Structuring Strategies: Experimental Animation Faculty Michael Scroggins 'What Are You Looking At?'
CalArts, Bijou Theater
FILM/VIDEO: Michael Scroggins is Director of the Computer Animation Labs at CalArts where he has been on the faculty of the School of Film/Video since 1978. Scroggins is a pioneer in the field of absolute animation performance. His absolute animation works have been widely exhibited internationally, including screenings at the Centre George Pompidou, Paris; Union of Filmmakers, Moscow; Seibu Ginza, Tokyo; and the Los Angeles County Museum of Art, Los Angeles. He is involved in an ongoing investigation of the potential of gesture capture in the creation of real-time absolute animation in fully immersive VR. He has continued to perfect liquid projection techniques, most recently in the film Limn, which will have its world premiere tonight.
What Are You Looking At?
(1970/1973, 11:30, NTSC)
"What are you looking at?" was shot on the new ½ inch reel to reel EIAJ Sony Portapak's that made portable videotape recording open to a wide range of people for the first time in history. Access to this artist friendly means of production allowed for a form of long take experimentation that was not constrained by the economics of shooting 16mm sound film. The video opens with a brief moment with Nam June Paik in the CalArts parking lot, Burbank, 1970, and moves onto the core of the piece which revolves around a casual morning’s recording at the Hillside House in Topanga Canyon, 1973, in which the young child, Tucker, directs the gaze of the videographer—and thus the video viewer. The synchronicity of developing events unfolds in a dance of subjective and objective relationships revolving around the question quoted in the title.
(A linked compilation of "Lose Yr Jobs," 1972—"Corrigan /Lund," 1974—"Sangsara," 1975, NTSC)
“Lose Yr Jobs” consists of a fragment from an off the air recording an interview with President Richard Nixon that is looped by a very physical rewinding, forwarding, and rewinding via the control knob of a ½ inch video tape player. The process of performing the looping results in an out of context statement that emphasizes the textural quality of the raw videotape medium while developing an aleatoric cadence. In the second part, “Corrigan/Lund,” President Nixon’s re-contextualized statement is forced into a connection with statements by the resigning CalArts President Robert Corrigan and incoming interim president, William Lund. The Portapak medium again reveals the passage of a set of events that would be unlikely to have been recorded with earlier methods for acquiring sound and moving image. The intuitive wandering of the videographers gaze reveals a situation that serves to precipitate a disrupting moment in the ritual passing of the reins of institutional power. The key tripping point of the actors reference to “Destiny’s Wheel” is underscored in the third part, “Sangsara” in which an image generated in a particularly numinous real-time videographic performance serves as an iconic representation alluding to the ongoing cyclic flow of the wheel of becoming—as it might be experienced during closed eye vision.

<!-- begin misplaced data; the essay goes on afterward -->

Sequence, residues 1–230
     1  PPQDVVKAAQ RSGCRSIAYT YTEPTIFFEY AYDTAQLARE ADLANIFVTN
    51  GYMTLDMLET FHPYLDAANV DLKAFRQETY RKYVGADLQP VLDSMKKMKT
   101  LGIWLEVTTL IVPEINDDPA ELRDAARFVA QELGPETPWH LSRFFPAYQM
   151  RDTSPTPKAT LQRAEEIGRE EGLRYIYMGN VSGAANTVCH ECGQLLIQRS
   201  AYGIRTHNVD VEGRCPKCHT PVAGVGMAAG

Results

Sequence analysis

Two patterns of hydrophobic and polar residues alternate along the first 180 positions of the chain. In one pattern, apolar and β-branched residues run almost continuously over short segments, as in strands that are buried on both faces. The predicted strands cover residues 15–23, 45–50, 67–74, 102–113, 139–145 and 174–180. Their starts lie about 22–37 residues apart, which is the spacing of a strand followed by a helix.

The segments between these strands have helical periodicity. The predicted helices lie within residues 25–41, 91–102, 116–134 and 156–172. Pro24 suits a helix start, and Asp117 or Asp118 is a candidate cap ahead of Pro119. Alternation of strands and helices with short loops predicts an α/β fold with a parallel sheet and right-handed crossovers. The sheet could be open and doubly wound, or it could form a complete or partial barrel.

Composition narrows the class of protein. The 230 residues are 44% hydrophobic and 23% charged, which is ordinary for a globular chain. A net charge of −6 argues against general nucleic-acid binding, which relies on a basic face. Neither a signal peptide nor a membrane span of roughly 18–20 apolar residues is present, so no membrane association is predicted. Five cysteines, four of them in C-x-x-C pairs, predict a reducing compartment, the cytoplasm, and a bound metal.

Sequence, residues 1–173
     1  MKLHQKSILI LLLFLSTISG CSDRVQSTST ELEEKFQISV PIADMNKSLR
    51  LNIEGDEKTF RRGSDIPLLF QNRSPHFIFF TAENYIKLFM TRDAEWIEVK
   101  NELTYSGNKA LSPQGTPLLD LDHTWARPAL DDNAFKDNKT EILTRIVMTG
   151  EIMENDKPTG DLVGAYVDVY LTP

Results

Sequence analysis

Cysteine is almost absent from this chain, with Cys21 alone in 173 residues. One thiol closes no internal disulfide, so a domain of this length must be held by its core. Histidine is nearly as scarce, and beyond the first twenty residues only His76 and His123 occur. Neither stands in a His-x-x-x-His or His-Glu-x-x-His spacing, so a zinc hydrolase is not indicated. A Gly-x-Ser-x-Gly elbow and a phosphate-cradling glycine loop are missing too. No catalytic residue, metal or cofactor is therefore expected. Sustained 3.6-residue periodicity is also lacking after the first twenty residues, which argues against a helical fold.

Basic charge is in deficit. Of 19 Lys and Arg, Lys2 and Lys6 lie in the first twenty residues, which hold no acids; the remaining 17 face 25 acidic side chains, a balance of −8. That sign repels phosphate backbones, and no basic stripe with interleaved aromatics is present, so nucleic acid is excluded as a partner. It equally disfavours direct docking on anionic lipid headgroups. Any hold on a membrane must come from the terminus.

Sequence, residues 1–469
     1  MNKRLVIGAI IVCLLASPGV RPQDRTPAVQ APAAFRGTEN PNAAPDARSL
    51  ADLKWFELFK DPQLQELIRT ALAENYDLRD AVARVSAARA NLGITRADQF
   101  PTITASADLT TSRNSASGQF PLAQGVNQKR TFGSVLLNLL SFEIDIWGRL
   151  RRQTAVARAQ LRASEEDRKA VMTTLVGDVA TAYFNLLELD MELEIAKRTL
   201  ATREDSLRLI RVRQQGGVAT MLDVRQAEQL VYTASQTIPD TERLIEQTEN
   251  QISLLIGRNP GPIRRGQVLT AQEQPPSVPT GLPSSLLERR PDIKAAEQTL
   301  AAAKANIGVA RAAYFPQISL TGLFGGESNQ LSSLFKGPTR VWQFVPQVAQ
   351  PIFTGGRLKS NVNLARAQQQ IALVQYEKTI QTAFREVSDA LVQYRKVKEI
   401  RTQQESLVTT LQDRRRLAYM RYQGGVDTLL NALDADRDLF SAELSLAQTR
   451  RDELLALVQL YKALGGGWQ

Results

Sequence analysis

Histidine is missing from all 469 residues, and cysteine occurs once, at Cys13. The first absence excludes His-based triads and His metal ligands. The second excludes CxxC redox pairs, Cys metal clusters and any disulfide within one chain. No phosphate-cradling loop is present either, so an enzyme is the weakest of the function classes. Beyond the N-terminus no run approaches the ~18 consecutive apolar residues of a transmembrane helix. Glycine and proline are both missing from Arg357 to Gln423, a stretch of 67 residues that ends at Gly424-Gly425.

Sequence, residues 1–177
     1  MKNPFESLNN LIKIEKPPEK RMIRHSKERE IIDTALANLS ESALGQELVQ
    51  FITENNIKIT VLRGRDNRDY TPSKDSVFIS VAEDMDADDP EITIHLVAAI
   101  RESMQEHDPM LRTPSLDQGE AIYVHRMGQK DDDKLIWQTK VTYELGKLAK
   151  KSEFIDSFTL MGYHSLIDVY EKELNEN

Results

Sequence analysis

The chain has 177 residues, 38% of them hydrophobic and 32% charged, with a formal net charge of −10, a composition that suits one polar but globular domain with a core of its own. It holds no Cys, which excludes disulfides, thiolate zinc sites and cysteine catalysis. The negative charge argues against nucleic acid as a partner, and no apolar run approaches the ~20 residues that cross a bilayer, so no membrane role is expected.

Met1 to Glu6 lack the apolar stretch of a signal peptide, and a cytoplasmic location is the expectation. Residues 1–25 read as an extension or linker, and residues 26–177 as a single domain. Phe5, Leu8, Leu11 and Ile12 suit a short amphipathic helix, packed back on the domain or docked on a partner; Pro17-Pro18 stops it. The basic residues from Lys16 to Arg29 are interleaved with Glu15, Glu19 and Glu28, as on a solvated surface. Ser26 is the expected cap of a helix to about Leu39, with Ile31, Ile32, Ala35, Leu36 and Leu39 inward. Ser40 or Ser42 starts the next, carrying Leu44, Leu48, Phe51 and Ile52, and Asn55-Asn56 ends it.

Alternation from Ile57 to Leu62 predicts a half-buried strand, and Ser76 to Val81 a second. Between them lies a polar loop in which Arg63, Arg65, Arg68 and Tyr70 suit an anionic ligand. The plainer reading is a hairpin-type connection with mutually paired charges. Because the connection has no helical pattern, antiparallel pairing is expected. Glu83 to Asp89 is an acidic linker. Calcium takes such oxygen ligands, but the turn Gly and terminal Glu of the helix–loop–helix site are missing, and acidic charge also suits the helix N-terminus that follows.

(1980, 5:00, NTSC)
In defining the Chinese term “li,” Joseph Needham has written, "In its most ancient meaning, it signified the pattern in things, the markings in jade or fibers in muscle . . .” The forms in Recent Li originate from the “li” generated in the layered real-time performance of a video feedback quaternity figure.
(1982, 3:22, NTSC)
Study No. 13 (1983, 0:20, NTSC)
Study No, 6 (1983, 4:31, NTSC)
Study No. 7 (1983, 2:27, NTSC)
Study No. 14 (1983, 2:58, NTSC)
Study No. 16 (1983, 4:36, NTSC)
This series of absolute videographic compositions were created via the multitracking of improvised real time performance with a standard video switcher. The intention was to explore the affect made possible through the architectonic structuring of the basic elements of color, shape, texture, and rhythm.
(1986, 8:12, NTSC)
As in the preceding series of absolute animation studies, the video images in Power Spot were created through a process of live improvisation. The simultaneous and successive deviation of recurring visual elements lends formal meaning to the work.
(1986, 7:00, NTSC)
In contradistinction to the relentless rhythms and dense structures that perpetually fill the screen space in Power Spot, Solaire is composed with an open spatial flow that employs simpler and more clearly discrete elements.
Adagio for Jon and Helena
(2009, 5:00, HD 1080p)
A continuous take digital recording from a live solo liquid light projection performance utilizing a technique I developed in 1968. This piece is dedicated to my liquid light teachers Jon Greene and Helena Lebrun. As with much of my absolute animation performance work, it is the affective power found at the edges of gestural control and indeterminate chaos that interests me.
(2010, 6:30, HD 1080p) World Premiere!
This work is another in a series of continuous take high definition digital recordings of live solo liquid light projection performances. Limn incorporates a dark field technique to enhance the detailed structures derived from the chemical reactions employed in the performance.